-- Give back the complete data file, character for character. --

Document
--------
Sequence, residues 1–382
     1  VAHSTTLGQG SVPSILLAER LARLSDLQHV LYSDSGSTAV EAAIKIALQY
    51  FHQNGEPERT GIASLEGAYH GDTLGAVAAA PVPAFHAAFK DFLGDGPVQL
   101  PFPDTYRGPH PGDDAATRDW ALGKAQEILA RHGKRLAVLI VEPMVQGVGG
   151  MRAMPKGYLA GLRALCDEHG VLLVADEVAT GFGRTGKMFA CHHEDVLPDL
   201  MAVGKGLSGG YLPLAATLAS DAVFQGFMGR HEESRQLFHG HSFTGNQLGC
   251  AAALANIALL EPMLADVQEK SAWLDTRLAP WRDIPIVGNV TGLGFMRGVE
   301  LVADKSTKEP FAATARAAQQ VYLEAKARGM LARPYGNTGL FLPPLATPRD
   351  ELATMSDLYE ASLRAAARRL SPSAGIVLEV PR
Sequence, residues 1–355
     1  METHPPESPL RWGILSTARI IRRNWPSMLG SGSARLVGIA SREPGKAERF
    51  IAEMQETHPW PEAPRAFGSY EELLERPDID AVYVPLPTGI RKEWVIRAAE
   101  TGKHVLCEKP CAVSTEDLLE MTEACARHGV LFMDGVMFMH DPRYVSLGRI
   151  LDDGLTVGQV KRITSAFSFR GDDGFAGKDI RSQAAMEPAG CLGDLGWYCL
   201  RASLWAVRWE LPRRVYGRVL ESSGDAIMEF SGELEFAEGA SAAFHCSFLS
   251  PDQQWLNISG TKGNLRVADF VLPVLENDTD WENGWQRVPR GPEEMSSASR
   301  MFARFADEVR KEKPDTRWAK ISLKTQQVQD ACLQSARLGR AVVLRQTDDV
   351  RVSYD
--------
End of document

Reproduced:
Sequence, residues 1–382
     1  VAHSTTLGQG SVPSILLAER LARLSDLQHV LYSDSGSTAV EAAIKIALQY
    51  FHQNGEPERT GIASLEGAYH GDTLGAVAAA PVPAFHAAFK DFLGDGPVQL
   101  PFPDTYRGPH PGDDAATRDW ALGKAQEILA RHGKRLAVLI VEPMVQGVGG
   151  MRAMPKGYLA GLRALCDEHG VLLVADEVAT GFGRTGKMFA CHHEDVLPDL
   201  MAVGKGLSGG YLPLAATLAS DAVFQGFMGR HEESRQLFHG HSFTGNQLGC
   251  AAALANIALL EPMLADVQEK SAWLDTRLAP WRDIPIVGNV TGLGFMRGVE
   301  LVADKSTKEP FAATARAAQQ VYLEAKARGM LARPYGNTGL FLPPLATPRD
   351  ELATMSDLYE ASLRAAARRL SPSAGIVLEV PR
Sequence, residues 1–355
     1  METHPPESPL RWGILSTARI IRRNWPSMLG SGSARLVGIA SREPGKAERF
    51  IAEMQETHPW PEAPRAFGSY EELLERPDID AVYVPLPTGI RKEWVIRAAE
   101  TGKHVLCEKP CAVSTEDLLE MTEACARHGV LFMDGVMFMH DPRYVSLGRI
   151  LDDGLTVGQV KRITSAFSFR GDDGFAGKDI RSQAAMEPAG CLGDLGWYCL
   201  RASLWAVRWE LPRRVYGRVL ESSGDAIMEF SGELEFAEGA SAAFHCSFLS
   251  PDQQWLNISG TKGNLRVADF VLPVLENDTD WENGWQRVPR GPEEMSSASR
   301  MFARFADEVR KEKPDTRWAK ISLKTQQVQD ACLQSARLGR AVVLRQTDDV
   351  RVSYD